In 2022, the Universities of Bath and Nottingham undertook a research project with Avon & Somerset Police to identify ways to reduce the challenges that autistic detainees face when in police custody. This included making physical changes to the custody environment and providing training to staff.
As part of the project, all Custody and Detention Officers within Avon & Somerset Police, over a period of several weeks, received a 1-day training course. Also attending were some volunteers from the organisation used locally to provide ‘Appropriate Adult’ services for detainees deemed as ‘vulnerable’ under the Police & Criminal Evidence Act 1984. In total 93 people undertook the training.
The training was provided by Creased Puddle (www.creasedpuddle.co.uk) a company specialising in Neurodiversity whose trainers are all either neurodivergent or have teen or adult children with neurodevelopmental conditions; and in some cases, both. They provide bespoke ‘role specific training’ rather than generic awareness products and have a proven specialism in training in the Criminal Justice Sector due to four of the trainers being former police officers. The trainer used in this case had previous experience as a Custody Officer to ensure that the content could be contextualised to the legislation, rules and process constraints which the custody staff are required to comply with.
Whilst the primary focus of the day was on autism, the following neurodevelopmental conditions were also included due to the research backed findings that co-occurrence of neurodevelopmental conditions is common. The other conditions covered being:
- Attention Deficit Hyperactivity Disorder (ADHD & ADD)
- Tourette’s Syndrome
Prior to each training session, attendees completed a questionnaire about their level of knowledge on the subject. This questionnaire was then repeated immediately after the session. A follow up questionnaire was then sent by the researchers to the attendees 6 months after the training to identify what if any impact it had had in the workplace.
The full academic research paper is being prepared and will be published later this year. However, analysis of the training is now complete and here is a brief summary of the findings(Source: Bagnall & Maras (in prep)):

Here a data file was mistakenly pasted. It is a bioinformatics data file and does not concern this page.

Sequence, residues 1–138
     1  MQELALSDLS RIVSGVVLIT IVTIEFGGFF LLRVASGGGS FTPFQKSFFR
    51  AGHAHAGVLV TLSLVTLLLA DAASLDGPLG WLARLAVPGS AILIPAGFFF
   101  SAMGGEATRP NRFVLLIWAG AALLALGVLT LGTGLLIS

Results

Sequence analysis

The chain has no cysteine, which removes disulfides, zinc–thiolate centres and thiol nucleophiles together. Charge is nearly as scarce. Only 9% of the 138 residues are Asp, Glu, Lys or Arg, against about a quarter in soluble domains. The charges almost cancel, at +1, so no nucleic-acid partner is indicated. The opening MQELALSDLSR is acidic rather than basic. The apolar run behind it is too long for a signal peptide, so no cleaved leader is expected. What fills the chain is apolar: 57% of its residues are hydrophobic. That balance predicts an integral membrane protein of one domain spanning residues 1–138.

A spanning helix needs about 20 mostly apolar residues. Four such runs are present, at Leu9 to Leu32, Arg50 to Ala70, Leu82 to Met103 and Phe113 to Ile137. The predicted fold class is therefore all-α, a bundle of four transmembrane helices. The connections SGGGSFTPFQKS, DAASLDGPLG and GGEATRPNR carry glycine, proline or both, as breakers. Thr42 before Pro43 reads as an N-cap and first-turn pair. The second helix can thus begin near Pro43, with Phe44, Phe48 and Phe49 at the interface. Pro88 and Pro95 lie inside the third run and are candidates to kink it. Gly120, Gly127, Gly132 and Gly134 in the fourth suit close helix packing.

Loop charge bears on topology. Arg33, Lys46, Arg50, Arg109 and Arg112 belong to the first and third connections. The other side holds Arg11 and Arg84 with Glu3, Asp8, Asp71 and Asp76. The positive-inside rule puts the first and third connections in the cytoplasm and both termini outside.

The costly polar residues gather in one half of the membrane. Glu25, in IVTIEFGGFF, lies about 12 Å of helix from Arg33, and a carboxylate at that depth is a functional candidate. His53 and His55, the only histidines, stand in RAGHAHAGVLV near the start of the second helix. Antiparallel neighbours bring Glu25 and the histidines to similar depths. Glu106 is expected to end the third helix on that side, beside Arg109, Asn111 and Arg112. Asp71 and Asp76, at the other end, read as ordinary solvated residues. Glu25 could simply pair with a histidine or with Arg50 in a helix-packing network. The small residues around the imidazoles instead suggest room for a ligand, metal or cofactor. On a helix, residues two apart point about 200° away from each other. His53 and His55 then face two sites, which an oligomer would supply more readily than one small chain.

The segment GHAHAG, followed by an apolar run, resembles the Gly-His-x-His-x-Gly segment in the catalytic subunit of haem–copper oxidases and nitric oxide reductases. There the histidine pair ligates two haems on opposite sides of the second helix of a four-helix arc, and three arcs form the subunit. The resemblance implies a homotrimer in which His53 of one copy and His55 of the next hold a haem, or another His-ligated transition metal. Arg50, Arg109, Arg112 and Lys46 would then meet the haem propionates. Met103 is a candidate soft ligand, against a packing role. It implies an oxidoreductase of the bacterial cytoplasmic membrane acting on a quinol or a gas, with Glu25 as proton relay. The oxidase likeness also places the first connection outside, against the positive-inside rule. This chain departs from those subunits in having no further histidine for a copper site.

- Almost half of the professionals had no personal experience of neurodiversity prior to the training.
- 81.31% reported encountering neurodivergent detainees/suspects on a daily or weekly basis in their role.
- Self-reported knowledge of neurodiversity as well as confidence working with neurodivergent suspects significantly increased post-training.
- At six-month follow-up, professionals reported that the training had influenced their professional practice.
- The vast majority of professionals viewed the training as highly useful and would recommend the training to others.
Here are some quotes from the professionals:
When asked what aspect of the training had been beneficial:
“Course is beneficial in every aspect.”
“All of it – I’d never given it much thought but realise with minimal effort on my part I can make life easier for myself, colleagues and detainees.”
“Really good training and would benefit all front-line officers. As it may actually reduce the number of people coming into custody”
As a result of the project Avon & Somerset Police received an award in May 2023 from the Business Disability Forum.
Quote from Avon & Somerset Police LinkedIn post:
“Early results have shown that since the start of the project the statistics of officers being assaulted within custody have reduced significantly. Self-harm rates have reduced for detainees, and the environment is more calming for all. The next step is to share the learning to hopefully create national change”.